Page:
Survey Data

Reg No




Categories of Special Interest

Architectural, Historical, Social

Previous Name

Liberty Creche

Original Use


In Use As



1825 - 1830


314678, 233819

Date Recorded


Date Updated



Terraced seven-bay two-storey former dispensary, built 1826, having integral carriage arch, returns to rear (east) elevation and recent shopfront inserted to front (west) elevation. Now in use as crèche. Pitched roof, hipped to returns, having yellow brick chimneystack with clay chimney pots and cast-iron rainwater goods. Yellow brick parapet having granite coping. Yellow brick laid in Flemish bond to walls, with granite plinth course and panelled granite fascia over ground floor. Square-headed window openings with raised render reveals, granite sills and six-over-six pane timber sash windows, steel bars to ground floor. Elliptical-headed door opening to front, having granite doorcases comprising pilasters supporting frieze and cornice, spoked fanlight to north doorcase, blocked to south, timber panelled door and granite steps to north, steel door to south. Central elliptical-headed carriage arch to front, with cut granite voussoirs and steel roller shutter, flanked by cast-iron wheel stops.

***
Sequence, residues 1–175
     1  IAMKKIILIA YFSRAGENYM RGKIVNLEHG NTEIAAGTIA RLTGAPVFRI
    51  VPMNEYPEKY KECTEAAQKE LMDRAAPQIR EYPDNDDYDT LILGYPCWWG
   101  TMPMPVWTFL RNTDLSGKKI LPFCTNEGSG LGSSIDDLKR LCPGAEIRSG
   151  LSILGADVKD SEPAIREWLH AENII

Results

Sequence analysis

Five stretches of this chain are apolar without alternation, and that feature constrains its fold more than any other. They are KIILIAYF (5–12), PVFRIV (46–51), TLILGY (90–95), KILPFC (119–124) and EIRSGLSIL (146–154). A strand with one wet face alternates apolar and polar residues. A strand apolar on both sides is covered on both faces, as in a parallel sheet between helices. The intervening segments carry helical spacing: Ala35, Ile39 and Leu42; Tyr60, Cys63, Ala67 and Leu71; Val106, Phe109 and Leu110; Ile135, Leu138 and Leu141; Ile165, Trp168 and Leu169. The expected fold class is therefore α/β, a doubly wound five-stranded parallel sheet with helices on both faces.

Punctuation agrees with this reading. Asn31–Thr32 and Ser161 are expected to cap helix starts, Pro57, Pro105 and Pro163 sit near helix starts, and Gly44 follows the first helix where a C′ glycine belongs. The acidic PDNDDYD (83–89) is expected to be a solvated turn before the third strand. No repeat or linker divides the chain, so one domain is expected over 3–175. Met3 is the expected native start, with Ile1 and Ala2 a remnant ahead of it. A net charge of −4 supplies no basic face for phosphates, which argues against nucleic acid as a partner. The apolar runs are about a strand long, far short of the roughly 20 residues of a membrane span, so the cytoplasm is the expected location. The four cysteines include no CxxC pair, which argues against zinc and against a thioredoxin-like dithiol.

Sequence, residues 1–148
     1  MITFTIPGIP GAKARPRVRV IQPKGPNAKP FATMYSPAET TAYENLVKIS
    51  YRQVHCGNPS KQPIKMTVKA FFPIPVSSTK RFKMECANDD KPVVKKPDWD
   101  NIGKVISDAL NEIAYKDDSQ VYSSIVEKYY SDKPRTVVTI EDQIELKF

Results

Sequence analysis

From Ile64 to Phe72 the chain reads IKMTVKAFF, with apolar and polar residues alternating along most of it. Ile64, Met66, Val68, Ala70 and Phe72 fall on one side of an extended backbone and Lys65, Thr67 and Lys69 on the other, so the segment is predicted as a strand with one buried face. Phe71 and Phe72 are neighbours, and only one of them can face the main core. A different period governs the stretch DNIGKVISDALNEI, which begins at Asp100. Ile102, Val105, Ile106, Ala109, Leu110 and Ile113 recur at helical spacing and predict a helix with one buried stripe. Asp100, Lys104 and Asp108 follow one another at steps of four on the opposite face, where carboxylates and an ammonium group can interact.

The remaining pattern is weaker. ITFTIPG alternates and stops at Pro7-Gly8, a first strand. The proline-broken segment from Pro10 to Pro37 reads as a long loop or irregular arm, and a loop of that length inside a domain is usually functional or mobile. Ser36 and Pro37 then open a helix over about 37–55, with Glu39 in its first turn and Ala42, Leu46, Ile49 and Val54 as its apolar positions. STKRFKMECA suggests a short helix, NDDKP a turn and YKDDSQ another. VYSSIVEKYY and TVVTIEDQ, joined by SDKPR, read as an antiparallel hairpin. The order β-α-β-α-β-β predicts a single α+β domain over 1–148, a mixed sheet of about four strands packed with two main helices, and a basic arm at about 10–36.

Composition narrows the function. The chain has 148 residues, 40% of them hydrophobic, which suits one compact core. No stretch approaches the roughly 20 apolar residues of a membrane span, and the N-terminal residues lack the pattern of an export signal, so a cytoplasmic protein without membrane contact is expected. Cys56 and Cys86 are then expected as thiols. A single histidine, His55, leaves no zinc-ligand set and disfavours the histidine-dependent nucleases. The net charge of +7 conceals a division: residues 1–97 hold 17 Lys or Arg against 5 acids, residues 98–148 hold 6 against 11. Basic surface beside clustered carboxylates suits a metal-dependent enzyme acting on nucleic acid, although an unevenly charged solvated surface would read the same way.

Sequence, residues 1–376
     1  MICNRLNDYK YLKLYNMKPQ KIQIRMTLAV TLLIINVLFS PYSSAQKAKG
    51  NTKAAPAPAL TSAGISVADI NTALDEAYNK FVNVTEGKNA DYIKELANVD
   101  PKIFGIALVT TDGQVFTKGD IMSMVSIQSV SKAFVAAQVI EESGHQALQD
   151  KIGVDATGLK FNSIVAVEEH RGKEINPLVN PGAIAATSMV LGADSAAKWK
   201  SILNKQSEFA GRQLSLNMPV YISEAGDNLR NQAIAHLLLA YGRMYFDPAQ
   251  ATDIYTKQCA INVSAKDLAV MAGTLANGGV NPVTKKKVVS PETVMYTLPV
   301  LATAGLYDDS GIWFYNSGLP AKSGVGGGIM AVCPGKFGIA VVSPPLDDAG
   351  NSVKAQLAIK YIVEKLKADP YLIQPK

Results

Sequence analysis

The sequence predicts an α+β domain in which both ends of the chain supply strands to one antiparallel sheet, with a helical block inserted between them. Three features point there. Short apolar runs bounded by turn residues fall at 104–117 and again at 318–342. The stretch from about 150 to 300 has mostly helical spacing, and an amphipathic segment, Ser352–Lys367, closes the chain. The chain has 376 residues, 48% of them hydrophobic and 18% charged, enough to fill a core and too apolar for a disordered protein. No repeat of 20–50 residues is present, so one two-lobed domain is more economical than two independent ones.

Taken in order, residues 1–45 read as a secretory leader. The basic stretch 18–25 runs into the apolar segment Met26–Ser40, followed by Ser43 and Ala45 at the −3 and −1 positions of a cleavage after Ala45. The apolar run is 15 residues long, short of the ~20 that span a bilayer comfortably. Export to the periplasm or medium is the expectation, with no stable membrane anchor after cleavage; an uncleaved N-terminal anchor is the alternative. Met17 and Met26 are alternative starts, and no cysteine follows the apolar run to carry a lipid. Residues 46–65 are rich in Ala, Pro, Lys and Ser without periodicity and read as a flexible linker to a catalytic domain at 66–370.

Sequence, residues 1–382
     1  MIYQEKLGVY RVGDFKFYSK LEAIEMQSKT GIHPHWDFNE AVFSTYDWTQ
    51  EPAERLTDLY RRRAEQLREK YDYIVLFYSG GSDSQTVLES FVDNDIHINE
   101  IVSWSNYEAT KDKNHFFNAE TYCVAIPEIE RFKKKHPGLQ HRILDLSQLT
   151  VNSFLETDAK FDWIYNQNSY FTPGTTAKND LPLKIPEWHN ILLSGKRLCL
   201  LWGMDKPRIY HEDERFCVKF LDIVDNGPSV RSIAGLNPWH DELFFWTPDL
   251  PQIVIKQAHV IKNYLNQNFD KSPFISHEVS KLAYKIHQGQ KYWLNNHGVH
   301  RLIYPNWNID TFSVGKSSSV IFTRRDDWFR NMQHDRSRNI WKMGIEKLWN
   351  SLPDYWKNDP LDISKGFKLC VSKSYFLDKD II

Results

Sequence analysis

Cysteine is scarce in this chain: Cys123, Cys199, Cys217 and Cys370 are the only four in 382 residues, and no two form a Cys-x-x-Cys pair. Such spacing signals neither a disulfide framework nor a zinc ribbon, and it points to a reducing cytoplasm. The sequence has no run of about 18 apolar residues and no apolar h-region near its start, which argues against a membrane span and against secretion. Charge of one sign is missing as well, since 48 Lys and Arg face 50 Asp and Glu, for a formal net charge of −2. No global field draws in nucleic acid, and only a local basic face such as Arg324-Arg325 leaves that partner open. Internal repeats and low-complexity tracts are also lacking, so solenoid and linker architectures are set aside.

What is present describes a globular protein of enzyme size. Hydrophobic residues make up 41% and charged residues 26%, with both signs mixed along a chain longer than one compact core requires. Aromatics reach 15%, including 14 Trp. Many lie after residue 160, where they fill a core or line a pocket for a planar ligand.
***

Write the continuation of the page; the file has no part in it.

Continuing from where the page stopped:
This substantial building was originally built to house the Sick Poor Association and the Dorset Nourishment Dispensary, which were established in 1794 and 1816 respectively, to care for the poor and convalescent of the Liberties, with a central carriage arch dividing the building into two individual premises. The Liberty Crèche was opened here in 1893, to provide childcare for working mothers, most of whom were street traders on Thomas Street. It is of considerable social interest as an early childcare facility which allowed women to remain in employment, as well as due to its earlier function as a philanthropic institution. Timber sash windows are retained, lending a patina of age, and granite detailing is used to good effect to enliven the façade. The fenestration rhythm and positioning of the carriage arch and doorways create a well-balanced facade, which has been interrupted by insertion of a recent shopfront. Its scale and form, with a slight curve to the front, makes a strong and positive contribution to Meath Street.